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27 June 2015

25 June 2015

Cage and Nancarrow (1989)

This really isn't a blog, as it's far too long (and lacking any bells and whistles), but it seemed the best way to publicly share a conversation that took place between John Cage and Conlon Nancarrow in Telluride, Colorado, in 1989. This was in the context of the Composer-to-Composer Institute that year, headed up by Charles Amirkhanian and John Lifton, involving, in addition to Cage and Nancarrow, Morton Subotnick, Joan La Barbara, Trimpin, Anthony Davis, Laurie Spiegel, and many others. Cage and Nancarrow hadn't seen each other in years.

It's posted here today to coincide with the second week of the "Anywhere in Time: A Conlon Nancarrow Festival" taking place at the Whitney Museum of American Art in New York. Yesterday, co-curators Jay Sanders and Dominic Murcott hosted an afternoon comprising two events -- this recording (in an abbreviated version) enhancing a conversation between the two on the subject of Cage and Nancarrow, which was preceded by a spirited exchange between Murcott and Kyle Gann, author of The Music of Conlon Nancarrow (Cambridge University Press, 1996), on the subject of Nancarrow's amazing music for player pianos.  Gann also maintains a Nancarrow Webpage, available here.  This afternoon, in the same third floor space, Amirkhanian presented "Nancarrow Deconstructed."  I've learned a tremendous amount from the proceedings, and have had a marvelous time watching a player piano very much like Nancarrow's own realize a number of his works.

The recording from the John Cage Trust is available in its entirety here, which, because it's old and archival, is not the highest audio quality. To facilitate listening, I'm including a lengthy transcript of their conversation below. You can read as you listen if you like, which might make things inaudible a little more audible.  Enjoy!

Laura Kuhn

 In conversation, moderated by Charles Amirkhanian

Telluride Institute
Sunday, Aug. 20, 1989
Recorded and transcribed by Laura Kuhn 

Composer Participants:
John Cage (JC)

Conlon Nancarrow (CN)
Charles Amirkhanian (CA)
John Lifton (JL)

Guest Participants:

Questions from the audience (**)

Gift-giving ceremony at end:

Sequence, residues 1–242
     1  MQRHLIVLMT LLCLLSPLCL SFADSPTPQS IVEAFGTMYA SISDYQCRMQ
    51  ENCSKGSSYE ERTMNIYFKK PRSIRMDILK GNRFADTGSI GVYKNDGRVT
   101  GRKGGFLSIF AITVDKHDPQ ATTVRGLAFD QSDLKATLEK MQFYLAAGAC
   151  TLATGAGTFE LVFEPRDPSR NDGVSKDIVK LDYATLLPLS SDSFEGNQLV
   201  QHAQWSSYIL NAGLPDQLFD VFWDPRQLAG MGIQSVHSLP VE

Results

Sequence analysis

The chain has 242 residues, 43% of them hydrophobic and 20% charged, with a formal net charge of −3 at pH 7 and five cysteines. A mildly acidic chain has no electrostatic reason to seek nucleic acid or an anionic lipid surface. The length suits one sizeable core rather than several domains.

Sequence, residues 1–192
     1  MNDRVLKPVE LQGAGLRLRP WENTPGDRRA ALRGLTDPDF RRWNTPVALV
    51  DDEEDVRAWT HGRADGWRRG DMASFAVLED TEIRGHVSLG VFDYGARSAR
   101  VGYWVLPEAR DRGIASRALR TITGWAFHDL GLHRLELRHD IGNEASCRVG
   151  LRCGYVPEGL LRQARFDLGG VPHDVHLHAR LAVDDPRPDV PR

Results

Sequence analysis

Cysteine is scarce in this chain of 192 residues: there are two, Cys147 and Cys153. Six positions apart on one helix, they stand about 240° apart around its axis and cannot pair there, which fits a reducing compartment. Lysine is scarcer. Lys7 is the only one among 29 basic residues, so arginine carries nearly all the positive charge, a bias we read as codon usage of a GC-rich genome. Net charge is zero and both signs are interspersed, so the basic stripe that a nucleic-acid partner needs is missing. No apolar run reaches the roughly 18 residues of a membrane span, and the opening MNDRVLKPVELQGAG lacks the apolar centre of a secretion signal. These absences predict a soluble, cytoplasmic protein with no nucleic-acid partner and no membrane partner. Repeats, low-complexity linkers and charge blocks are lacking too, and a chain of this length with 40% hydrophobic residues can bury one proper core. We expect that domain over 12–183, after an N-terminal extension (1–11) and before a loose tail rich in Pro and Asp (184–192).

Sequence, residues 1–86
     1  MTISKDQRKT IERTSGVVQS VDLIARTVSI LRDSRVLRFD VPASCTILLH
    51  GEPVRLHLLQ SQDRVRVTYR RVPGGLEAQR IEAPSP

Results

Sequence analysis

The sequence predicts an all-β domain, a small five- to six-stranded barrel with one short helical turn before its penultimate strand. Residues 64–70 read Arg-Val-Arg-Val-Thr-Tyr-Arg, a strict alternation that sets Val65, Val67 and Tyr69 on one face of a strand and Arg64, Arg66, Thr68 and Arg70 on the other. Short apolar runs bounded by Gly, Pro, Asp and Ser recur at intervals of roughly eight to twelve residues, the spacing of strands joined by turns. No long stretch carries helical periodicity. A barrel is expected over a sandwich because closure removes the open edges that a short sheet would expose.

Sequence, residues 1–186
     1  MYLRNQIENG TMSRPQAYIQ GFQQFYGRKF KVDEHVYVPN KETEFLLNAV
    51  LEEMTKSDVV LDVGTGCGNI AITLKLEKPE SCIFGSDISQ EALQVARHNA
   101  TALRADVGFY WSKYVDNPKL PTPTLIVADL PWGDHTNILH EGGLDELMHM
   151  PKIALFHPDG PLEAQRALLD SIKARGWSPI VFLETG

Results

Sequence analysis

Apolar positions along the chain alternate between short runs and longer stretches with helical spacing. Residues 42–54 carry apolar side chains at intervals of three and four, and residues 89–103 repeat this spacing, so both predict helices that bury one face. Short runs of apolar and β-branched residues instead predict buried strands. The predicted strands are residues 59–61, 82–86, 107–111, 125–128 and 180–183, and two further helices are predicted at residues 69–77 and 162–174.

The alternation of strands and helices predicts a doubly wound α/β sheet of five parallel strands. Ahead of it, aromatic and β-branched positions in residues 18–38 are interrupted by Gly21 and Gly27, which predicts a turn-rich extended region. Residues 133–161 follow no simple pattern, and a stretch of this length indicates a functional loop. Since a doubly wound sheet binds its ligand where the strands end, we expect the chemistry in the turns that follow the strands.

John Lifton (JL)
CA:      Since John and Conlon really didn't meet each other until much later in their composing careers -- John working on the West Coast, Conlon having gone to Spain with the Lincoln Brigade and then to Mexico -- it would interest me to know how you first met. Did you, Conlon, when you came back to the '47 to build the punching machine, hear about John?

CN:      It was before that. John doesn't remember but I heard the first performance of his prepared piano.

JC:       Oh, really?

CN:      The one in your apartment, remember?

JC:       Which apartment?

CN:      Well, I don't know if you were living there but Minna Lederman told me to go there and gave me a sort of… It was a private thing, there was just a few people there. I remember Virgil Thomson was there, and a few other people.

JC:       Was that on the river?

CN:     I think so. It was in '39.

JC:       '39? Pardon me, but I wasn't there then.

CN:      Well, you had to be. In '39? Well, your piano was!

CA:      You were in Seattle then?

JC:       No, I was in San Francisco.

CN:      All of '39?

JC:       Seattle or San Francisco.

CA:      When was the first trip to New York? '43?

JC:       When I left the West Coast I spent a year in Chicago, which was in the early '40s. It must have been '42, or '43, that I settled in New York for the first time.

CA:      You did the big concert at the Museum of Modern Art.

JC:       In '42, wasn't it?

CA:      Was it '42? So, I wonder when that was. It couldn't have been in '47?

JC:       It couldn't have been in '39.

CN:      No. Well, wait a minute. Could it have been? When was the first time you had anything with the prepared piano?

JC:       There are some people who think that the prepared piano wasn't made in '39.

CN:      But Charles says… Now, maybe, when I went to New York in '47…

JC:       That's right.

CA:      That would be more likely.

CN:      Was that, do you think, probably the first time? It wasn't even public, it was sort of private I think.

JC:       No. I had done it on the West Coast.

CA:      In any case, Conlon, did you talk with John then?

CN:      Oh, no. He didn't know me.

CA:      What about you, John? When do you remember first encountering Conlon's music?

JC:       Well, my knowing of Conlon's work was through John Edmonds at the New York Public Library, who had tapes.

CA:      Reel-to-reel tapes. Was he an old friend of yours somehow?

CN:      Well, yes. I didn't know him too well, but, yes, he was a friend.

JC:       He thought I would be interested in the work and, as your work just makes us, you know, not just interested but excited, I was very glad to learn of it and, moreover, I wanted to use it in relation to Merce Cunningham's work. So we were just then planning a… When did I first come to see you in Mexico City?

CN:      Wasn't it when you went there with Merce Cunningham? Yes, we were planning a trip to South America. I think that was it.

JC:       …and Merce had already made a dance using your music.

CN:      But before that, though. It wasn't in Mexico that he used that music of mine.

JC:       No, but we had made it but I hadn't yet met you. It was exciting not only to have the music but the possibility of being with you in Mexico City. Not only for me but for David Tudor.

CN:      Oh, that's right. Yes.

JC:       And I remember the food that we ate together in your home, which included, didn't it, the huitlacoche?

CN:      Huitlacoche! The one mushroom that you didn't know.

JC:       It's a mushroom that grows on corn, and has the shape of corn but its own color.

CN:      Well, it's a fungus on the corn.

JC:       Right.

CA:      They throw it away in this country.

CN:      They do. You know, I don't think there's any word for that mushroom in any part of the world,                     in any other language, other than corn. It must appear but they must just throw it out, I'm sure, as a diseased ear or something.